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. Japan's quake-hit nuclear plant ordered shut amid new scares
KASHIWAZAKI, Japan, July 18 (AFP) Jul 18, 2007
The world's largest nuclear plant was ordered Wednesday to stay shut indefinitely after Japan's deadly earthquake, as it revealed a radiation leak was worse than first thought.

The sprawling Kashiwazaki-Kariwa power plant suffered a radiation leak and dozens of other problems in Monday's 6.8-magnitude quake, whose epicentre was just nine kilometres (five miles) away.

Tokyo Electric Power Co. (TEPCO), the operator of the plant, said the water that leaked into the sea was 1.5 times more radioactive than it initially estimated. But it said the level still did not pose a health risk.

TEPCO president Tsunehisa Katsumata said there was "no doubt that (the plant) was hit by an earthquake surpassing the limits used at the time of designing," but that there were no serious problems with the nuclear reactors.

He earlier changed from his usual business suit to a plant worker's blue uniform to visit the site northwest of Tokyo.

"We regret what happened and will strive to make this a power plant that is safe and we can be proud of," he said on the sidelines of the one-hour visit to the plant.

Kashiwazaki Mayor Hiroshi Aida summoned the TEPCO president and banned him from reopening the plant until it is confirmed safe.

Katsumata bowed deeply before the mayor, saying: "I apologise from the bottom of my heart for causing tremendous concerns and nuisance."

Government officials and TEPCO were both investigating the quake risks Wednesday amid fears that a break in the earth crust that caused the killer quake may stretch under the seaside plant.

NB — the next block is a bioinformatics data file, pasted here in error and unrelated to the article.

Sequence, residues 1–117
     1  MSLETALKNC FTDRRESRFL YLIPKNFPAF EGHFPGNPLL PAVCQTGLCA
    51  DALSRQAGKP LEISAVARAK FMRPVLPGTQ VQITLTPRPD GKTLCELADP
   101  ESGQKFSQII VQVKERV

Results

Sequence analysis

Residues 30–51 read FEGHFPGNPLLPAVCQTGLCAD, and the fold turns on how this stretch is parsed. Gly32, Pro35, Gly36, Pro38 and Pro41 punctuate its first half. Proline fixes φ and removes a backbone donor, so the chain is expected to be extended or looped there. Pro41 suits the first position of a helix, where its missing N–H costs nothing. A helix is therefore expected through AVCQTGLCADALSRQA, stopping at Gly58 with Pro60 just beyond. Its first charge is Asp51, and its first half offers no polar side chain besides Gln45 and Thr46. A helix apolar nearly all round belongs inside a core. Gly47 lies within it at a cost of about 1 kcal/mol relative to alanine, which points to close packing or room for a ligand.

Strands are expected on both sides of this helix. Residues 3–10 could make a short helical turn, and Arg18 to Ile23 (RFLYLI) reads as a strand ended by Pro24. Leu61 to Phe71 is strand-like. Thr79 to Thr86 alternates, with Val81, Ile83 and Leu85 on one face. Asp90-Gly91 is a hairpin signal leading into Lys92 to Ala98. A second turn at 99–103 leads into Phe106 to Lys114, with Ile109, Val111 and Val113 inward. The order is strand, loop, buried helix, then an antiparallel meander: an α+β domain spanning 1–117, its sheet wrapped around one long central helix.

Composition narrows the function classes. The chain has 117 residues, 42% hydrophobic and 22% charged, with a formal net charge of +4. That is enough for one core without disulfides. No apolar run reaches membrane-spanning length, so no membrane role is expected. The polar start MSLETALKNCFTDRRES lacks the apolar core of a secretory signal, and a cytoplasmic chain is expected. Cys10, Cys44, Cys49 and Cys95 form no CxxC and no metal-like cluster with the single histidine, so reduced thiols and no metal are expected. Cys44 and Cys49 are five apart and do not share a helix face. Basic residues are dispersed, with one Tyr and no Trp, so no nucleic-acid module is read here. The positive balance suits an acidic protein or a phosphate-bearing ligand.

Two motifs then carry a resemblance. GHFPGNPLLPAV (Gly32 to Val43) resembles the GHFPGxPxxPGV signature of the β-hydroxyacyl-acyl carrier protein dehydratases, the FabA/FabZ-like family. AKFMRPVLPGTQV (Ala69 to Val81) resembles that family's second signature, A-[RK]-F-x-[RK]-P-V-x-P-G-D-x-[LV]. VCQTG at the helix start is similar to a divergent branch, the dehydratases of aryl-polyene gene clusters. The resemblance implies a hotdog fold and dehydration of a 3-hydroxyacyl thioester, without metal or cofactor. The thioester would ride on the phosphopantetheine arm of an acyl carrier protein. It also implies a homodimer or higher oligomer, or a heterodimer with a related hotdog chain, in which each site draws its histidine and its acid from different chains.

"We cannot deny the possibility" it sat on an earth fault, said Osamu Kamigaichi with the earthquake division of the meteorological agency.

The three municipalities housing the plant filed a joint request with TEPCO, asking the company to seek approval from residents before the plant resumes operations.

The plant's operations have been suspended since the earthquake, which killed nine people, injured more than 1,000 more and sent thousands of people to shelters.

The government of Niigata prefecture was taking applications to build temporary homes for people as relief workers focused efforts on providing food and other care for the elderly, considered the most vulnerable.

But patience was tested at the shelters. Sachimi Inomata, 37, said her four-year-old daughter didn't want to use the toilets.

"She cries that it smells," Inomata said. "I wonder why there are the same inconveniences everytime a big earthquake hits Japan. They must know from past experiences what most evacuees want."

The industry ministry had already ordered the nuclear reactors of the Kashiwazaki-Kashimi facility to stay shut until its safety was confirmed.

The latest order means none of the massive plant's other important facilities such as waste storage can be used, meaning it is unlikely to be back in operation anytime soon.

The Kashiwazaki-Kariwa plant said Monday that a small amount of radioactive water had leaked from the facility but that there was no risk.

The scare grew Tuesday as it admitted 50 operating faults, including a fire, leakages of water and oil, misplaced duct pipes and broken equipment.

All rights reserved. 2005 Agence France-Presse. Sections of the information displayed on this page (dispatches, photographs, logos) are protected by intellectual property rights owned by Agence France-Presse. As a consequence, you may not copy, reproduce, modify, transmit, publish, display or in any way commercially exploit any of the content of this section without the prior written consent of Agence France-Presse.

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